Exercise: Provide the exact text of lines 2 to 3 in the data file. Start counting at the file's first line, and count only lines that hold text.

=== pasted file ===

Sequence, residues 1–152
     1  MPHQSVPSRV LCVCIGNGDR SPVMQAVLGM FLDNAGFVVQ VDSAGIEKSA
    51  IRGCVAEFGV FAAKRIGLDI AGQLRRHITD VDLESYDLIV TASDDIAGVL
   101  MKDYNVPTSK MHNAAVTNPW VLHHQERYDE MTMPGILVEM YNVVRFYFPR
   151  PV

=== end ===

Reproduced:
     1  MPHQSVPSRV LCVCIGNGDR SPVMQAVLGM FLDNAGFVVQ VDSAGIEKSA
    51  IRGCVAEFGV FAAKRIGLDI AGQLRRHITD VDLESYDLIV TASDDIAGVL